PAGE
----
The Islamic belief in the afterlife as stated in the Qur’an is descriptive. The Islamic word for Paradise is jannah and Hell is jahannam. Jannat and Jahannam both have different levels. Jannat possesses 8 gates while Jahannam possess 7 deep terrible layers. Individuals will arrive at both everlasting homes during Judgment Day, which commences after the Angel Israfel blows the trumpet the second time. Their level of comfort while in the grave depends wholly on their level of Iman or faith in the one God, or Allah, equivalent in Arabic. In order for one to achieve proper, firm and healthy Iman one must practice righteous deeds or else his level of Iman chokes and shrinks and eventually can wither away if one does not practice Islam long enough, hence the depth of practicing Islam is good deeds. One may also acquire Tasbih and recite the names of Allah in such manner as “SubahannAllah” or Glory be to Allah in Arabic over and over again to acquire good deeds. The levels in Jannah are 100 and 7 for Jahannam.
Islam teaches that the purpose of Man’s entire creation is to worship the Creator of the Heavens and Earth – Allah (God in Arabic) alone that includes being kind to other human beings and life including bugs, and to trees, by not oppressing them. Islam teaches that the life we live on Earth is nothing but a test for us and to determine each individual’s ultimate abode be it punishment or Jannat in the afterlife, which is eternal and everlasting.
In the 20th century, discussions about the afterlife address the interconnection between human action and divine judgment, the need for moral rectitude, and the eternal consequences of human action in this life and world.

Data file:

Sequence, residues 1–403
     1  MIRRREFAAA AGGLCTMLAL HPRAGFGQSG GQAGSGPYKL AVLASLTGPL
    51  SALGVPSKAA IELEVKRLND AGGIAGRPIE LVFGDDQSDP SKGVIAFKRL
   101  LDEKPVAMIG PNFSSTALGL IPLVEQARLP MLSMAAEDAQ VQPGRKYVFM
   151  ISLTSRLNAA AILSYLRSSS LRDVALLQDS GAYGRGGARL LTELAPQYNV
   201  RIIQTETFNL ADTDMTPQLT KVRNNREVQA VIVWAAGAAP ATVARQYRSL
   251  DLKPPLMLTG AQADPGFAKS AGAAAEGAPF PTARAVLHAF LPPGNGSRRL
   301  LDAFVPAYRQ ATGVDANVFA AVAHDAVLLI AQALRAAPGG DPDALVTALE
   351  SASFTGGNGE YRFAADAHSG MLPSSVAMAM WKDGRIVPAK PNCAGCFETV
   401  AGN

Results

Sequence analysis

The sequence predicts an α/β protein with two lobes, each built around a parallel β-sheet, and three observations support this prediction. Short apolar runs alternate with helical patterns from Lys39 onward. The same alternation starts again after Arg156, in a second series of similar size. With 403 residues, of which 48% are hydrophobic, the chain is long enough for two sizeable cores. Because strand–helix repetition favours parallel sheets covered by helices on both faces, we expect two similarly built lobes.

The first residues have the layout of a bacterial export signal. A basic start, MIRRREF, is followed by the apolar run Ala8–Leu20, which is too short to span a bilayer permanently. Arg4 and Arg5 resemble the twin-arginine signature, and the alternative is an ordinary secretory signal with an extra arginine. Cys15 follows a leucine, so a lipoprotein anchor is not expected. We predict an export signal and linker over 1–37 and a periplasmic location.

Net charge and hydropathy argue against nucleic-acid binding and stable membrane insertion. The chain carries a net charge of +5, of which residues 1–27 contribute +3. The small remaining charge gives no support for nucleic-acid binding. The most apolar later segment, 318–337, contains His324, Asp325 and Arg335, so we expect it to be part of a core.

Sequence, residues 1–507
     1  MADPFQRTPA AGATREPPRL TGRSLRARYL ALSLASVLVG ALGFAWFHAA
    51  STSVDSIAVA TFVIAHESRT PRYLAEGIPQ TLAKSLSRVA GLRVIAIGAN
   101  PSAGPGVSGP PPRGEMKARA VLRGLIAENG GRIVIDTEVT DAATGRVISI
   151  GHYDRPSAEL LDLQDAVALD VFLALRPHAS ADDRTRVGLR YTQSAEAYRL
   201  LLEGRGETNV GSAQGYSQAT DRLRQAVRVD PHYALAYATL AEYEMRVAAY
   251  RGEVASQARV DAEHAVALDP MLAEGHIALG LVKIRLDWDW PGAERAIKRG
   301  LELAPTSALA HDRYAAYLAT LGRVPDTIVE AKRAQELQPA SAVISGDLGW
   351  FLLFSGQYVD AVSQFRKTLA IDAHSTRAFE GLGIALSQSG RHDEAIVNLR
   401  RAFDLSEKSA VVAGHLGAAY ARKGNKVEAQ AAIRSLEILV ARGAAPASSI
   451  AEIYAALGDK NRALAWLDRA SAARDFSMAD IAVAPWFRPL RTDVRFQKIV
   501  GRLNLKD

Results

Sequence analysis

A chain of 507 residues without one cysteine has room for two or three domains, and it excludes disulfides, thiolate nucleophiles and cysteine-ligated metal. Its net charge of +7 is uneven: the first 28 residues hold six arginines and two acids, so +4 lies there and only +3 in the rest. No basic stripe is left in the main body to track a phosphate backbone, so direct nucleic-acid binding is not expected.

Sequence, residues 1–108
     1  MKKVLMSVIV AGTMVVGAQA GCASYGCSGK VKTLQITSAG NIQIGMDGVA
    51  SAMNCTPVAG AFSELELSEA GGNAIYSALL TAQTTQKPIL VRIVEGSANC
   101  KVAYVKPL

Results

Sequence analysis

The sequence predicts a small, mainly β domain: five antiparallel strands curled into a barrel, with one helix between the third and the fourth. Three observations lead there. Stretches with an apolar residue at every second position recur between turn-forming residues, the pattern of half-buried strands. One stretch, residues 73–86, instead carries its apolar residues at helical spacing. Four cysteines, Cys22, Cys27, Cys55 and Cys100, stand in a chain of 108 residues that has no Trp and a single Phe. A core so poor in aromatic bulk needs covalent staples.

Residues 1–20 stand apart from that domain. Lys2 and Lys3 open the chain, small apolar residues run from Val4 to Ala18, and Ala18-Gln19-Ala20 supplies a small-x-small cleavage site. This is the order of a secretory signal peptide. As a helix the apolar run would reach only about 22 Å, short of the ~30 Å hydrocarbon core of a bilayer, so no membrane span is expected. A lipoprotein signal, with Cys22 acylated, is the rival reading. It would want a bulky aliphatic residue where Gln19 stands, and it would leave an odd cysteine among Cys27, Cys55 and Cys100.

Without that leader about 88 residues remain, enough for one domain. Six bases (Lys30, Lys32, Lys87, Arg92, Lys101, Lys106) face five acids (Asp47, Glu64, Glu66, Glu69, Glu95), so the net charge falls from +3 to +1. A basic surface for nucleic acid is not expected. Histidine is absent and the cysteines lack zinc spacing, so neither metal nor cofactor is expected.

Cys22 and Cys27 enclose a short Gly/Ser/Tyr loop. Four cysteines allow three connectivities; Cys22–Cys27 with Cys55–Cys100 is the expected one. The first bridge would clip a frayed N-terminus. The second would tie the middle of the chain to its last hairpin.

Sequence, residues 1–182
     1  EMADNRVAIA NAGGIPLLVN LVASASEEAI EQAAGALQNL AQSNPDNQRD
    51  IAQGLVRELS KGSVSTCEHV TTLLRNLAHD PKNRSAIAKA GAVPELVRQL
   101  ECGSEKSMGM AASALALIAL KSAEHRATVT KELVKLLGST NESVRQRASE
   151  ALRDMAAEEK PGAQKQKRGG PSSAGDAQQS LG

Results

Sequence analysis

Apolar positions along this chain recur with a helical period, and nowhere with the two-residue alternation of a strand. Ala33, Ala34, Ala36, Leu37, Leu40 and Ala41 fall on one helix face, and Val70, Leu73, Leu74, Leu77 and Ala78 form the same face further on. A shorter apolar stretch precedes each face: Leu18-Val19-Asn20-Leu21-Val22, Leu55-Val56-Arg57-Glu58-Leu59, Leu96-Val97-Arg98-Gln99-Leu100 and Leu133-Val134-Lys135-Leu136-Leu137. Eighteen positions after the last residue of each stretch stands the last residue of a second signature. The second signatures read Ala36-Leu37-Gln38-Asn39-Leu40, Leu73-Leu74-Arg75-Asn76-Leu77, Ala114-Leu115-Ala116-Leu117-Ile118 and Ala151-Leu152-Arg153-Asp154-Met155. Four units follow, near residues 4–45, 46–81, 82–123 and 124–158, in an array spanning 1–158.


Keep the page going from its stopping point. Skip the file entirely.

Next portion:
Period between death and Resurrection
Islam hold different positions regard the abode after the deceased. In the common Semitic view, man is a union of body and soul/spirit. The Quran itself refers to ruh, later used to designate human’s immortal self, not to the soul, but only to nafs. Muslims however, especially those influenced by Neo-Platonism, Muʿtazila, classical Islamic theology, Shi’a and Sufis, regarded ruh as to matter unrelated human’s immortal spirit. Therefore, they distinguishes between nafs and ruh, the latter surviving death.
According to a hadith from Sahih Muslim, Muhammad said:
‘When the ruh (soul) is taken out, the eyesight follows it’.”
The Quran itself gives only brief references about the period between death and the resurrection. However it mentions that certain individuals such as martyrs are alive and not dead in 2:154 and also indicates, that some are already in hell in 71:25. The term Barzakh indicates that the deceased and the living are entirely separated and can not interact with each other. Otherwise the Barzakh refers to the whole period between the Day of Resurrection and death and is used synonymously for “grave”. Despite the brief mentionings of the Quran, Islamic tradition discusses elaborately, almost in graphic detail, as to what exactly happens before, during, and after death.